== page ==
Audrey Gibson blasts ‘shakedown’ in Duval school tax bid
Audrey Gibson is demanding more attention paid to the common thread in mass shootings — assault weapons.

The Florida Senate Democratic caucus met to elect Sen. Audrey Gibson  (D-Jacksonville) as the Democratic leader during the 2019 and 2020 legislative sessions
The Senator wants a referendum this year.

The Duval County School Board and allies of Jacksonville Mayor Lenny Curry continue to battle over the where and when of a tax referendum vote.

The School Board wants a vote in 2019; Curry has said 2020 should be the move. And the Jacksonville City Council has close to 100 questions about the plan, suggesting that it’s not on the fast track.

Against this backdrop, conflicting narratives have emerged about School Board Chair Lori Hershey‘s engagement with two Curry-connected consultants.

Curry political adviser Tim Baker and recently retired Chief Administrative Officer Sam Mousa would draw $12,500 a month for up to three years, basically in exchange for helping to get the referendum through Council and passed.

Conditions include a 2020 vote, and $150 million off the top for charter schools, per the Florida Times-Union.

One of the biggest boosters of the School Board tax plan, Senate Minority Leader Audrey Gibson, asserted Wednesday that moves by Curry allies amounted to a “shakedown” and an attack on the independence of the school district.

Gibson contends that Mousa and Baker must have set the meeting up, as Hershey would not have done that.

The Democratic Senator also takes issue with “money off the top” for charter schools.

“That means you’ll get yours before we do anything for schools in need,” Gibson said.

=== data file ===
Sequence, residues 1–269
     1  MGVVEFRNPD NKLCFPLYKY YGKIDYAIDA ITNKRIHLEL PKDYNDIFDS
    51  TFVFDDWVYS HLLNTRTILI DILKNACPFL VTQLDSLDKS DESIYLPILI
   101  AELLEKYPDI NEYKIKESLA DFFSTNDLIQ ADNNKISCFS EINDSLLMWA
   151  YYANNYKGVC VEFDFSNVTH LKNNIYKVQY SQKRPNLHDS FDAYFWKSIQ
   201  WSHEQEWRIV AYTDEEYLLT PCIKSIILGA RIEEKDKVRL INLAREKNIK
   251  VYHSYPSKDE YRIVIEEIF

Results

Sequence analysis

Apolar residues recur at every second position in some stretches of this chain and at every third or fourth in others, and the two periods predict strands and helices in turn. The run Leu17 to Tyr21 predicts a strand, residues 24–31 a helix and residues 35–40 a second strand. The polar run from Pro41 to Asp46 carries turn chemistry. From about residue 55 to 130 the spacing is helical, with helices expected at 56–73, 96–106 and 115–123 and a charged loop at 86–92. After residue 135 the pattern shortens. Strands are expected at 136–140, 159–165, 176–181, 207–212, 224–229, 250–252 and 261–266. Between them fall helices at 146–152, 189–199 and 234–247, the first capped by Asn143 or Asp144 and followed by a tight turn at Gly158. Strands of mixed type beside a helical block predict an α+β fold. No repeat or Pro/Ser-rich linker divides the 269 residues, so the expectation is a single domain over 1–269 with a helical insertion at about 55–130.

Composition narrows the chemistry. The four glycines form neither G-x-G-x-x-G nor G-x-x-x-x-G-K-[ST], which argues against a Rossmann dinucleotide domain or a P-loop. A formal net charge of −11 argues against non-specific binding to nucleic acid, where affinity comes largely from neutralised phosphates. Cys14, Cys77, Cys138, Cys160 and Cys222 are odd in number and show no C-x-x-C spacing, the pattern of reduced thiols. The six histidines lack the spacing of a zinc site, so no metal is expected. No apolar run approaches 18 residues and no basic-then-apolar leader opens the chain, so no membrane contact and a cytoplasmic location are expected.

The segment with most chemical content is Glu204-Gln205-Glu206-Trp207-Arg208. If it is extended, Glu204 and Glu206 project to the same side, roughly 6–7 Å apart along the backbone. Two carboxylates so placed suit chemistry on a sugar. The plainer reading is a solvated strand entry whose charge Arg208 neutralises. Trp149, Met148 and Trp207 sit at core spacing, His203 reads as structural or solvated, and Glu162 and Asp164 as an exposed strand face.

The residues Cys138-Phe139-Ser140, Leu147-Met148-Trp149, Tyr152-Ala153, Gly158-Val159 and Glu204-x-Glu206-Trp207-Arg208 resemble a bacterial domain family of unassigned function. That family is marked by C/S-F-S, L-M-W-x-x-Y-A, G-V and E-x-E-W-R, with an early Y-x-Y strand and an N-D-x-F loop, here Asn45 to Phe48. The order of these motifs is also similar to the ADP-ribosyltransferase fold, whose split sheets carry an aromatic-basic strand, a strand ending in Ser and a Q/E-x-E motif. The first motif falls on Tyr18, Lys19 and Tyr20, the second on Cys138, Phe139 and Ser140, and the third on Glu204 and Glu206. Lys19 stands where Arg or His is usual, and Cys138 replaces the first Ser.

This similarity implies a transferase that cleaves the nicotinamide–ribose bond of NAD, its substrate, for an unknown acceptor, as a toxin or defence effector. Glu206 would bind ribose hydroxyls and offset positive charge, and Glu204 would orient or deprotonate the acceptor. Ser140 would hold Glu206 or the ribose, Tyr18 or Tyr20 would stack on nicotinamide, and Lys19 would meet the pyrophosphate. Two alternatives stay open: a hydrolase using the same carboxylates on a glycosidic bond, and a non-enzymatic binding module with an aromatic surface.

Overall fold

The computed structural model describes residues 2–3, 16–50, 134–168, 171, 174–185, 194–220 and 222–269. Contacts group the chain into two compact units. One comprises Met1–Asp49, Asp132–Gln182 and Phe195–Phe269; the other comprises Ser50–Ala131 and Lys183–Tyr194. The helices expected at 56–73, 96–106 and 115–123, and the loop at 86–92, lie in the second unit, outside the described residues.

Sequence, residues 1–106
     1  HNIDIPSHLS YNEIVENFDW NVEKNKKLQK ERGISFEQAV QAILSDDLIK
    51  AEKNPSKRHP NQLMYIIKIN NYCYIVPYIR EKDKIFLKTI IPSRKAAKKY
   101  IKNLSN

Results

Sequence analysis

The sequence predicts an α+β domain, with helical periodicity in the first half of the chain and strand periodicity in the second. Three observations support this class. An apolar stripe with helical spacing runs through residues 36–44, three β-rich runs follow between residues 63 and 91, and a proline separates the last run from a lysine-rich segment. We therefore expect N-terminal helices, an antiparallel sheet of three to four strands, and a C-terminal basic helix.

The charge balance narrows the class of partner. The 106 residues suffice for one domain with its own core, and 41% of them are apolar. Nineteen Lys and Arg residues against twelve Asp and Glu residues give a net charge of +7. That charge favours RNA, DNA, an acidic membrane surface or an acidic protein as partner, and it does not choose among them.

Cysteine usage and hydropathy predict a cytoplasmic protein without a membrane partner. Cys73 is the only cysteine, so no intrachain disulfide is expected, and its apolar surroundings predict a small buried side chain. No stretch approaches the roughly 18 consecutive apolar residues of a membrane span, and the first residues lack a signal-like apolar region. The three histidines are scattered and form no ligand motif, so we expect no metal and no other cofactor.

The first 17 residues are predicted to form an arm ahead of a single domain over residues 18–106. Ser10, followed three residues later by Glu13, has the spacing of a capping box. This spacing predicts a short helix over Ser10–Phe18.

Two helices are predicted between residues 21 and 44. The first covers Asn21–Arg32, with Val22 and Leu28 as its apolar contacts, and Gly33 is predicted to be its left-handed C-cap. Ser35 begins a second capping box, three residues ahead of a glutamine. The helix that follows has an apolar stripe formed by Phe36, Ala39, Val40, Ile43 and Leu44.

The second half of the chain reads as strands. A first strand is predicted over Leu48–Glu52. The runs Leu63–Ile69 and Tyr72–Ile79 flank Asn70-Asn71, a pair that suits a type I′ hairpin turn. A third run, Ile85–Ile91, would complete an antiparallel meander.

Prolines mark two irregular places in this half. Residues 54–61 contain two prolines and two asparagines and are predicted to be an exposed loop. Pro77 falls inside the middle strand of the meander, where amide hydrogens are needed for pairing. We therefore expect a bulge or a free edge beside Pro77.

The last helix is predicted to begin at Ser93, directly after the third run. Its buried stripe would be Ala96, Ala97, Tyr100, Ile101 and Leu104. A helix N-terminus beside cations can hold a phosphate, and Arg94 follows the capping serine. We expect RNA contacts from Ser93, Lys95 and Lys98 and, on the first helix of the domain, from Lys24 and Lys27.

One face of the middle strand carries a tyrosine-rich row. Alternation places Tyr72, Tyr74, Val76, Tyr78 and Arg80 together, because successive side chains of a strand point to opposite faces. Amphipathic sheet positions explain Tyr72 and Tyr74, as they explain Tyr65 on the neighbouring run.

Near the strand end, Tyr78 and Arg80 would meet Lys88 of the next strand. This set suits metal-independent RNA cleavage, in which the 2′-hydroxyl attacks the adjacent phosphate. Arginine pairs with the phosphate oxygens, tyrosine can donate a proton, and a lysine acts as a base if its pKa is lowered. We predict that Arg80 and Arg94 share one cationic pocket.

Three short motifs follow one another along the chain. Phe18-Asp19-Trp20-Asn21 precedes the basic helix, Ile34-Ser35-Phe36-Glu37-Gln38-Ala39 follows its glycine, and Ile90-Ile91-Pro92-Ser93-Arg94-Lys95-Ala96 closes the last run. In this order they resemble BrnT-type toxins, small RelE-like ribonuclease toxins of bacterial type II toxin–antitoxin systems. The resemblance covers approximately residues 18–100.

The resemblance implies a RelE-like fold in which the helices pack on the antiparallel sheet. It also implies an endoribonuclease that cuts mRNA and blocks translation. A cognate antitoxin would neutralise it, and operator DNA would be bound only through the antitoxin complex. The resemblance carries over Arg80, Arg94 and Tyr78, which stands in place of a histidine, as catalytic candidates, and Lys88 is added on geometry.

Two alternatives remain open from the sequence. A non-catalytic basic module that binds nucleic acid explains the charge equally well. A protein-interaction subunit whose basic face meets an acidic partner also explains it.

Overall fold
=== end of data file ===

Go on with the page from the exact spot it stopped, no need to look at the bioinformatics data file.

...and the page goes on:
Gibson said she had heard this was being set up while Mousa was still Curry’s CAO.

The Senator, who believes public schools need refurbishing, asserted that “this is not about Mousa or Curry, it’s about the kids being able to get an education in a safe and updated place.”

While Gibson believes Hershey “should have told what happened when it happened,” the Senator nonetheless holds to her position that the referendum should happen as soon as possible.

Council committees convene on Tuesday to vote on this matter, and it remains to be seen how receptive they will be to a 2019 vote.

“Council is pissed,” says one source.

The Finance Committee, the first stop for the bill Tuesday, is stacked with people who used Tim Baker as a primary consultant. Rules is marginally more favorable a draw.

Time is running short even for a December vote, however, which means that the 2020 ballot may be the only option.

And the more time and news cycles there are, the uglier this narrative is likely to get.

A.G. Gancarski

A.G. Gancarski has been the Northeast Florida correspondent for Florida Politics since 2014. He writes for the New York Post and National Review also, with previous work in the American Conservative and Washington Times and a 15+ year run as a columnist in Folio Weekly. He can be reached at [email protected] or on Twitter: @AGGancarski


  • Frankie M.

    July 31, 2019 at 2:19 pm

    Council is pissed,” says one source.

    The ones they should be pissed at are looking at them in the mirror. They got played by Lenny and the charter school donors.

    And there aren’t two narratives. There’s just one which was confirmed by Warren Jones. Nobody believed that “foolish woman” until his account verified her story. Hershey refused to play the game on their terms and now they’re pissed. Like my barber says, “Next.”

  • Susan

    August 1, 2019 at 9:30 am

    I hope state legislators will heed Republican Senator Thomas Lee’s words of “enough is enough” and institute legislation that will protect the taxpayers’ interest.

    For example, if tax (local, state, federal) money goes to buy a building, how much of that money can be recouped if the building quits being used as a charter school? If taxpayer money is being used for rent payments, can any of that money be recouped? If the property is sold, can the taxpayer get any of the profits?

    The city council and mayor seem determined to give part of our sales tax money to private investors to buy property that will house charter schools. IF the charter school closes, what safeguards will be in place to recoup the money? Has anyone asked the city council members,advocating for the $150 or $250 million upfront payment to these private investors, what kind of safeguards they recommend?

  • Tia Kitt

    August 2, 2019 at 9:15 am

    $12,500 a month? I know families who barely bring in 12,500 a year.

Comments are closed.


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